March 10, Tue 2015
1:00 pm, 1096 SBC
Dr. Vincent Hilser
Department of Biology, Johns Hopkins University
Simultaneous Tuning of Activation and Repression in Intrinsic Disorder-Mediated Allostery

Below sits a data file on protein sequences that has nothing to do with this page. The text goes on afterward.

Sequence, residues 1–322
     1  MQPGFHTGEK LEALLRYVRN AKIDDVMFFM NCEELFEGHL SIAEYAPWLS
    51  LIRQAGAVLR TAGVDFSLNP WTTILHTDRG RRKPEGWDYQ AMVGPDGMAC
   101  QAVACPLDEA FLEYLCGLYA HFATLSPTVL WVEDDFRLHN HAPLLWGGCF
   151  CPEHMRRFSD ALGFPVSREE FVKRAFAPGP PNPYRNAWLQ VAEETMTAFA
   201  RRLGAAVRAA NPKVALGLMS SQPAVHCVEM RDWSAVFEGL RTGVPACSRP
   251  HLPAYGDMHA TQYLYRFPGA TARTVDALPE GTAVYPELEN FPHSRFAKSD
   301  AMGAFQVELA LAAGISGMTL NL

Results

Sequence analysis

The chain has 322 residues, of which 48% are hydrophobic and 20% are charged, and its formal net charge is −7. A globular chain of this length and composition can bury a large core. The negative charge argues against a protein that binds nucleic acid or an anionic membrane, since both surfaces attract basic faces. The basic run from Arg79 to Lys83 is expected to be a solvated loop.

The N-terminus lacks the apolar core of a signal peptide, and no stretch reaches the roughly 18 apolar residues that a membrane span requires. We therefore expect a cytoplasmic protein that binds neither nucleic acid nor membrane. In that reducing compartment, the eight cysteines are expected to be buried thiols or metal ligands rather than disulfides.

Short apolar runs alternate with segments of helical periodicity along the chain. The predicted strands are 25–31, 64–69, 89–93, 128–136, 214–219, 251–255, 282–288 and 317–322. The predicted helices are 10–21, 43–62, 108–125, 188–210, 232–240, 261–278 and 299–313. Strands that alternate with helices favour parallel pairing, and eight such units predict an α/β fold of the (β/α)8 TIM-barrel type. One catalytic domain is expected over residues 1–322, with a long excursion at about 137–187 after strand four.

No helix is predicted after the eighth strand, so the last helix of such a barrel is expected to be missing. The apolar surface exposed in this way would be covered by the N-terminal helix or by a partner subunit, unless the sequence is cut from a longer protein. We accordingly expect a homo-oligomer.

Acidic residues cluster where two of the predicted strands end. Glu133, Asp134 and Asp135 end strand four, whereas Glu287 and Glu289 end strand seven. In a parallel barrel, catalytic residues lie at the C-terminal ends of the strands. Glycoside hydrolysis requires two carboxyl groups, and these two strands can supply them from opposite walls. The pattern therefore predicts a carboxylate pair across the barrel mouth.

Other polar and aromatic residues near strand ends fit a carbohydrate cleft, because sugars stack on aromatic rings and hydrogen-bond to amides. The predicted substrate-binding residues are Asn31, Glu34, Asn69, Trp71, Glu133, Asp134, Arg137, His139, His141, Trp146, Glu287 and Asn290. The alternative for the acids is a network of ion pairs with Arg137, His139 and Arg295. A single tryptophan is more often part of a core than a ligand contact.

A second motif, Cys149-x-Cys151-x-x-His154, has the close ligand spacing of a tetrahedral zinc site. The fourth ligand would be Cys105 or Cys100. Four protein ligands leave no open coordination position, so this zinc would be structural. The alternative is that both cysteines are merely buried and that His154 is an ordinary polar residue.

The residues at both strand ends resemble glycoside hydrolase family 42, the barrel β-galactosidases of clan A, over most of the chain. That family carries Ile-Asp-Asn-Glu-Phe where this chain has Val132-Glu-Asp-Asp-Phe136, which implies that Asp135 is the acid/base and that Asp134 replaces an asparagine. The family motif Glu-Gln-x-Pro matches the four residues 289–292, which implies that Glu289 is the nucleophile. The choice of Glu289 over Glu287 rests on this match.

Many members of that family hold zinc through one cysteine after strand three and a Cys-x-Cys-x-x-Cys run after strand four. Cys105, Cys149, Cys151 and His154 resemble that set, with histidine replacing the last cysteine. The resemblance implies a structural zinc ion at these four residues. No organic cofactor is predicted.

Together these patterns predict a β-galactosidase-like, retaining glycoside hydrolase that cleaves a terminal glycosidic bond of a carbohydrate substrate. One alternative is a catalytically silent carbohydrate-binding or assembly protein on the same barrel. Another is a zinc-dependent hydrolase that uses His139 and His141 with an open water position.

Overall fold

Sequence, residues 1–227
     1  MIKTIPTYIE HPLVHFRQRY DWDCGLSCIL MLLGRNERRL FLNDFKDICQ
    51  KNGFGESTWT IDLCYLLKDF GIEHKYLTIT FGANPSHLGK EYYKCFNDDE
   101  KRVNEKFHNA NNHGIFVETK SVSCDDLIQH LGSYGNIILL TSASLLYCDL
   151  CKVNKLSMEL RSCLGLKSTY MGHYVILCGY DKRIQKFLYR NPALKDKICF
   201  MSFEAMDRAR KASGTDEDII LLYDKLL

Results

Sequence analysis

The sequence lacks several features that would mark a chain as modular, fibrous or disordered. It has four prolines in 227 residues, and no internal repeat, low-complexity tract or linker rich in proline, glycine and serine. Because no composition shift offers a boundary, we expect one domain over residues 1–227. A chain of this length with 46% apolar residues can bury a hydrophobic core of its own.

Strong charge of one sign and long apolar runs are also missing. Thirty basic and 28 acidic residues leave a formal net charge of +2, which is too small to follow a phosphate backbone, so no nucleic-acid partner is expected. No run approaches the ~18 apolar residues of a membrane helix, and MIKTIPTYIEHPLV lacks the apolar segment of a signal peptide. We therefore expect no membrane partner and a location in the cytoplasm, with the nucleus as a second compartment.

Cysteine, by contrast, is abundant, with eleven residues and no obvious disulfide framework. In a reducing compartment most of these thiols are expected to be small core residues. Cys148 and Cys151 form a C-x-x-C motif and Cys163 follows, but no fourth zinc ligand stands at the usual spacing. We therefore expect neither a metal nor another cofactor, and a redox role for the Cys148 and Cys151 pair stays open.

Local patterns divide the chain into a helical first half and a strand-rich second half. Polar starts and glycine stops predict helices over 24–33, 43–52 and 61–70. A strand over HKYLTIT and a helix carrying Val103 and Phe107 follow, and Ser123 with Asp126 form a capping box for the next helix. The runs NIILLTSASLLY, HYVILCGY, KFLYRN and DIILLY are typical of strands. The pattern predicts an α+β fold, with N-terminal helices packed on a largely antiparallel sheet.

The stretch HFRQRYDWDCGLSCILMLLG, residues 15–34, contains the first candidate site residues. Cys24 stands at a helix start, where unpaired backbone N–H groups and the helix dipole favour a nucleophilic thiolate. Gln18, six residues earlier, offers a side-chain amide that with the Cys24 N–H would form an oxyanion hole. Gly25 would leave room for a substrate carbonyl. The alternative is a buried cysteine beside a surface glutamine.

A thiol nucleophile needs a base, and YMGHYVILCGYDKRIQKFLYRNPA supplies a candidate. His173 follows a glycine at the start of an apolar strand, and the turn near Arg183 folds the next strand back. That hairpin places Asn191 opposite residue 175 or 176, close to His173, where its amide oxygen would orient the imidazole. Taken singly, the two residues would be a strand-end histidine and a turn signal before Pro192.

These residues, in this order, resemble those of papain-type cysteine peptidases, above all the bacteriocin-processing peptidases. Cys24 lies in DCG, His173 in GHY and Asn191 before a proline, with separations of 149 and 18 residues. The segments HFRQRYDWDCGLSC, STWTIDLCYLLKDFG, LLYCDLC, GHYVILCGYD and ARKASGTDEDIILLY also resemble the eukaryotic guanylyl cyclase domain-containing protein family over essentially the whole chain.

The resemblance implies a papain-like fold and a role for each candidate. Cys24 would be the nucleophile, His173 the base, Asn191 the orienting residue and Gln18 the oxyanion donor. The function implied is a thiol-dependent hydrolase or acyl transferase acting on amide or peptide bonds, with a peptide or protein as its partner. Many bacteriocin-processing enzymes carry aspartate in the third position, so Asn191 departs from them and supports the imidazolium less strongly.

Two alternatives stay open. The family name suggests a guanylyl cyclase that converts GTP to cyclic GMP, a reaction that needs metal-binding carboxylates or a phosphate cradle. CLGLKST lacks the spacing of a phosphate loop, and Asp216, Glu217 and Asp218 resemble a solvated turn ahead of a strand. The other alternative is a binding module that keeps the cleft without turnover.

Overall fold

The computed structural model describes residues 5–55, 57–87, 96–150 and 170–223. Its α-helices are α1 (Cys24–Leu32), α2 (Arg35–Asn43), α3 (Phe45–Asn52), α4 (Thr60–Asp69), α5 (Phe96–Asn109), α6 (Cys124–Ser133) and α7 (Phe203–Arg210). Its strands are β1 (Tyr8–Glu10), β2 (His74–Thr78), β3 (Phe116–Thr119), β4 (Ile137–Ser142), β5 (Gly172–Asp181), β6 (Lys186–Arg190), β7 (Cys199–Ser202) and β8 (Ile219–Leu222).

Intrinsically disordered proteins (IDPs) present a functional paradox because they lack stable tertiary structure, but nonetheless play a central role in signaling. Like their structured protein counterparts, IDPs can transmit the effects of binding an effector ligand at one site to another functional site, a process known as allostery. Because allostery in structured proteins has historically been interpreted in terms of propagated structural changes that are induced by effector binding, it is not clear how IDPs, lacking such well-defined structures, can allosterically affect function. Here we show mechanistically how IDPs allosterically transmit signals through a probabilistic process that originates from the simultaneous tuning of both activating and repressing ensembles of the protein, using human glucocorticoid receptor as a model. Moreover, GR modulates this signaling by producing translational isoforms with variable disordered regions. We expect this ensemble model of allostery will be important in explaining signaling in other IDPs.